Wimbledon is the only Grand Slam tournament in which Sara Errani has yet to reach the quarter-finals. Having recently been thrashed by Serena Williams in the semi-finals in Paris, and having suffered a foot/adductor strain since, it’s hard to see Errani doing very well at Wimbledon.

    Prediction: Fourth round

    Li Na

    Wimbledon history

    Best result: Quarter-finals (2006, 2010)
    Last year’s result: Second round

    Current world ranking: 6
    Australian Open result: Finalist
    French Open result: Second round
    Titles this year to date: Shenzhen

    Mixed form has been on the menu for Li Na since returning from an ankle injury which she suffered in the Australian Open final loss to Victoria Azarenka in January.

    But since reaching the final in Stuttgart, where she lost to Maria Sharapova, Li has endured three straight early exits – in Madrid, Rome and the French Open, the latter of which she fell in the second round to unheralded American Bethanie Mattek-Sands in a rematch of the Stuttgart semi-final.

    Li is currently using the Eastbourne tournament as a means of trying to get back her form. But with only three match victories on grass in the last two years, it’s hard to see the Chinese making an impact at the All England Club this year.

    She has Caroline Wozniacki, Maria Kirilenko, Roberta Vinci or Ana Ivanovic as a potential fourth round opponent, but if she is to better her record of two quarter-finals at the All England Club (2006 and 2010), she’ll have to confront one of the Big Four in the quarter-finals (she has lost once to each of them this year).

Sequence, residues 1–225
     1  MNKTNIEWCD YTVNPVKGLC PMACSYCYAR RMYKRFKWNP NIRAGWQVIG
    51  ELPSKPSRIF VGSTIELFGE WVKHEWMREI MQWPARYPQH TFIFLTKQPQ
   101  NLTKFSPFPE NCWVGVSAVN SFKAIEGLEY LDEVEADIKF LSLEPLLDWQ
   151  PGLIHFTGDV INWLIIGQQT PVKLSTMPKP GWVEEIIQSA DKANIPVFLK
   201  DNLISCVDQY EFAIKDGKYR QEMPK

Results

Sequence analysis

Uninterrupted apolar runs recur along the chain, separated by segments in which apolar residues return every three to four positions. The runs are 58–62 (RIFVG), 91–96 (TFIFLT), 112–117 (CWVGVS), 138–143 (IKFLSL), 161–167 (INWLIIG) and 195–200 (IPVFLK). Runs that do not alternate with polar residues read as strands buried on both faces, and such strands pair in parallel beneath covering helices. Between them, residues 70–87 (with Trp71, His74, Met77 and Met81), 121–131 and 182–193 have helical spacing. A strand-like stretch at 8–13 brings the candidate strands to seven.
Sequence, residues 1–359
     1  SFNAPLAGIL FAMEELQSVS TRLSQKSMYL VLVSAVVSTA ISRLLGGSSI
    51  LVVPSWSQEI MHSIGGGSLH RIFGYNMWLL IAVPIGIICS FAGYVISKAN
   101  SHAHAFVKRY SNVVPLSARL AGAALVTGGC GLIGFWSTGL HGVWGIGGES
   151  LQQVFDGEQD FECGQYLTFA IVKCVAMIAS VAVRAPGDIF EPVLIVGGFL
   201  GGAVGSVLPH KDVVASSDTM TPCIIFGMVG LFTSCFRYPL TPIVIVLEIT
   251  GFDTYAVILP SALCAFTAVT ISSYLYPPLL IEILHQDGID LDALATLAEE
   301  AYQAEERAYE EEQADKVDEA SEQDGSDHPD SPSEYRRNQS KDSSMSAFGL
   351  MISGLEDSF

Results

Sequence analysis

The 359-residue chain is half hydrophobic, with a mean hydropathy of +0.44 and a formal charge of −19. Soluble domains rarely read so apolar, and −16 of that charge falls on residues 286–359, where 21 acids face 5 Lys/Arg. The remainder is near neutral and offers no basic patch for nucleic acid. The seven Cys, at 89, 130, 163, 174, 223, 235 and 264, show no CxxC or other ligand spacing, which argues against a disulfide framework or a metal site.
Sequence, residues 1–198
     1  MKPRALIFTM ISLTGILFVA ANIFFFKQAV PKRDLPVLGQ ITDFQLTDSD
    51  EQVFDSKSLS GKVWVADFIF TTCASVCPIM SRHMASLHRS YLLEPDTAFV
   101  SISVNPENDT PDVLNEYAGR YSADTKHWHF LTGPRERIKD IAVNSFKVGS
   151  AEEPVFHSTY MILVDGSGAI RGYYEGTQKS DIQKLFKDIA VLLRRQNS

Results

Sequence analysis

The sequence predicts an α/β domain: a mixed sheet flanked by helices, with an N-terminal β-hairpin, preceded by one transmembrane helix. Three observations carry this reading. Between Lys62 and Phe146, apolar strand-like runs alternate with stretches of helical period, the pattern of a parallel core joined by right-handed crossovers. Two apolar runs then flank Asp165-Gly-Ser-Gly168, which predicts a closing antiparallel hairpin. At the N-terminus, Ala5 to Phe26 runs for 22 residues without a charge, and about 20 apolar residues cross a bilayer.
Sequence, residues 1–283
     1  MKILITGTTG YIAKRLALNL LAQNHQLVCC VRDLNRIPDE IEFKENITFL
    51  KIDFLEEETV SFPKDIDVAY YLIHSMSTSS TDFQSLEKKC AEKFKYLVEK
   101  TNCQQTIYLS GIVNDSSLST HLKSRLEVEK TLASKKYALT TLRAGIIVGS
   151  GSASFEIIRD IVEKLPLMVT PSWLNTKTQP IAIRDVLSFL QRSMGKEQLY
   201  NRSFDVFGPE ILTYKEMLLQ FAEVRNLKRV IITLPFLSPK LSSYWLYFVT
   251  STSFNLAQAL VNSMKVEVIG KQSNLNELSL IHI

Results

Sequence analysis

Prediction: Quarter-finals.

    Angelique Kerber

    Wimbledon history

    Best result: Semi-finals (2012)
    Last year’s result: Semi-finals

    Current world ranking: 7
    Australian Open result: Fourth round
    French Open result: Fourth round
    Titles this year to date: None

    One player who has disappointed at the Grand Slams this year is Angelique Kerber. Since reaching the semi-finals at Wimbledon last year, the German has lost in the fourth round of each of her last three tournaments, and was recently edged out in three sets by Svetlana Kuznetsova in Paris.

    Kerber has not won a title in over a year and she is struggling to play up to the standards she set for herself between 2011 and 2012. But a return to Wimbledon, where she did reach the final four last year, could bring hopes of a return to form before the US Open swing starts next month.